This Bill is long overdue. There was a great deal of necessary consultation with the profession, the authorities, the Garda and various interests throughout the country in the preparation of the Bill, which is an honest attempt to protect the rights of the patients. What is wrong is that there are not laid down any standards relating to quality of care or anything that would give the patient the right to proper detention. These are provisions that I should like to see being incorporated in the Bill. Consequently, I trust that the Minister will pay attention to this point and to the other points I have raised. I welcome the Bill wholeheartedly.

I have a special interest in the field of mental illness. This arises from my association with a psychiatric hospital in this city. At the outset I would refer to the words "mental hospitals" in the title of the Bill. Many years ago these hospitals were referred to as lunatic asylums but in more enlightened times they are referred to as mental hospitals. However, I suggest that we should refer to them as psychiatric hospitals.

I agree fully with the Minister that the Bill is a most important piece of legislation. It is the only new legislation in this area to come before the House since 1945 and the legislation that was enacted then superseded the Lunacy Acts of 1867 which gave power to justices of the peace to commit to any district asylum any person or persons considered to be of unsound mind or anybody apprehended in circumstances suggesting that there might be an indictable offence involved.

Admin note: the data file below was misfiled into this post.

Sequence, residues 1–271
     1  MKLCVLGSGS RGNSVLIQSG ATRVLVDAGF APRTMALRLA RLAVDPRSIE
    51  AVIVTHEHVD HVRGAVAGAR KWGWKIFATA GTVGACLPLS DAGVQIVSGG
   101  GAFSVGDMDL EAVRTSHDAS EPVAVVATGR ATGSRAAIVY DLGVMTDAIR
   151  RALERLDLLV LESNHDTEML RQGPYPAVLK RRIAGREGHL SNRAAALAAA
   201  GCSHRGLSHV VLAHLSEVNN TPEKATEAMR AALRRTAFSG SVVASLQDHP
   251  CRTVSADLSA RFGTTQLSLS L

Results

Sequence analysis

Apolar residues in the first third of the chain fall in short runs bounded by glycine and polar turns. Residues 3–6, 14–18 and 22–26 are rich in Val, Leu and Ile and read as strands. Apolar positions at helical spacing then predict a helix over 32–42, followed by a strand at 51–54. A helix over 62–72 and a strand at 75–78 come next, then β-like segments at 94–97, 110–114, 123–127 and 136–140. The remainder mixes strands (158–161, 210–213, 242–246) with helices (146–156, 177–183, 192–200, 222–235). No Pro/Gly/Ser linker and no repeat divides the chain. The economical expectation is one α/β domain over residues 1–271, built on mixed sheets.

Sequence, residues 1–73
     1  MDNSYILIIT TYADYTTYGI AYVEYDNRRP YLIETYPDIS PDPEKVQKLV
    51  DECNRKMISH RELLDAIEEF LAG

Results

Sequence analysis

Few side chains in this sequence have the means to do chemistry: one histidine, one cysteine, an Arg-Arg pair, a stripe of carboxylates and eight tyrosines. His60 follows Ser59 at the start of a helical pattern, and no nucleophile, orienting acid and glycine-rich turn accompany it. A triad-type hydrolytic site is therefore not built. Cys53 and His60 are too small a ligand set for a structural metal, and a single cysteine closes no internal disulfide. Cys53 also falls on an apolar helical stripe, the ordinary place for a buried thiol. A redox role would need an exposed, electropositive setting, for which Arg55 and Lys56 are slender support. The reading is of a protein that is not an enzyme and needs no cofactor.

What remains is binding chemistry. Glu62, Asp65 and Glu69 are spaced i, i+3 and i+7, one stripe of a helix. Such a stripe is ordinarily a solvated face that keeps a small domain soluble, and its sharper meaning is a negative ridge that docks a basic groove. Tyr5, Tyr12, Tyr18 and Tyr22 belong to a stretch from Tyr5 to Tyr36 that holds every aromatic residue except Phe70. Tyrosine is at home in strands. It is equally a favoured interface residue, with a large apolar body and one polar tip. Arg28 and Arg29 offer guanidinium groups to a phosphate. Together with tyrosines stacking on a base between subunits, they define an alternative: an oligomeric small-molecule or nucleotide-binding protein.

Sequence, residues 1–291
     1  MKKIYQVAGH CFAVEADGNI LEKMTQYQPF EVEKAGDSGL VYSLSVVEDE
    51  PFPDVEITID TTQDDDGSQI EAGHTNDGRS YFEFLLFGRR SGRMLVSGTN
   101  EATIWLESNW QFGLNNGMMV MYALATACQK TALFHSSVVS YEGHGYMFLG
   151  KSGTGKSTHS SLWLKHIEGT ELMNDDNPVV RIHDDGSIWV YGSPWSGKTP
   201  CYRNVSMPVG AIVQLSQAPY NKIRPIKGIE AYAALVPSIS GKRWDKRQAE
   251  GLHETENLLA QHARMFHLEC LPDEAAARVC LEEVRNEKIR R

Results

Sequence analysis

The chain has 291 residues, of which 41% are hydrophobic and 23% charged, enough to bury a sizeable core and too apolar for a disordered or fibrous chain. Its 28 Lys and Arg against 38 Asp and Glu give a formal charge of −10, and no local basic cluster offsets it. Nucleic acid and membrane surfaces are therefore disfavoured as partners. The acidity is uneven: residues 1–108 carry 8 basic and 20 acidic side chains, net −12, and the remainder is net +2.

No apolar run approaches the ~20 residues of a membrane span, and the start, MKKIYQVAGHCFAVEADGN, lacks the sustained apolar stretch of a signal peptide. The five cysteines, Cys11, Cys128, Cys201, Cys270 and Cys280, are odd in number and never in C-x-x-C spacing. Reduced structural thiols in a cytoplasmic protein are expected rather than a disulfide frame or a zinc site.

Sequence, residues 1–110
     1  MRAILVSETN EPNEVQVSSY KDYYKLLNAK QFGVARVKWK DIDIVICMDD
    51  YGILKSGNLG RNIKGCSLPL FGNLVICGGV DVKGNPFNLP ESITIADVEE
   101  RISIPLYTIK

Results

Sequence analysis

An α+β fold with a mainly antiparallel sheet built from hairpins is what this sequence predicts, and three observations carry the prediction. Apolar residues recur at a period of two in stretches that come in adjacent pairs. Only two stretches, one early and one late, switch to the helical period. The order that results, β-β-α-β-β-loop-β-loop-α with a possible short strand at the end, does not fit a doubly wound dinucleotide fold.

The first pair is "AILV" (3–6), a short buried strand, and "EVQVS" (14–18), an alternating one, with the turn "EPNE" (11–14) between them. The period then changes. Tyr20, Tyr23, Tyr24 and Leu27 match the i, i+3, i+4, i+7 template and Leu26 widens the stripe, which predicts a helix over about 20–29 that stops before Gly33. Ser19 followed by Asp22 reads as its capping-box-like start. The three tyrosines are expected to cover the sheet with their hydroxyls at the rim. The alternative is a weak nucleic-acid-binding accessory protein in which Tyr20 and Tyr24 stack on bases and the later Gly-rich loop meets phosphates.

The 1945 Act was enlightened and progressive and was very well received by the medical profession at the time. The Act abolished judicial certification and transferred complete responsibility for the care and treatment of the mentally ill to the Minister and his officers. For the first time ever a person was entitled to enter a mental hospital as a voluntary patient. In 1947, the year in which the Act came into operation, more than 4,000 patients were admitted to public mental hospitals here. There were two types of committal procedure in respect of those who had to be certified. In one case there was the category of temporary patients while on the other hand there was the category of persons of unsound mind. Of those some 4,000 admissions, 900 were voluntary, 1,123 were temporary and more than 2,000 were classified as persons of unsound mind. Under the previous legislation, and also for the first time, out-patient clinic facilities were provided for the mentally ill. However, the development of these facilities was very slow and two years later only few such clinics were in operation. But since then and during a period of perhaps 25 years, admissions to mental hospitals continued to increase until in 1972 they reached a peak of 23,000 admissions while the out-patient clinics catered for 30,000 patients. Since then admissions have decreased considerably and the number of persons in public mental hospitals today represents a decrease of 30 per cent during a 15-year period. I consider this to be an advance in medical science and treatment.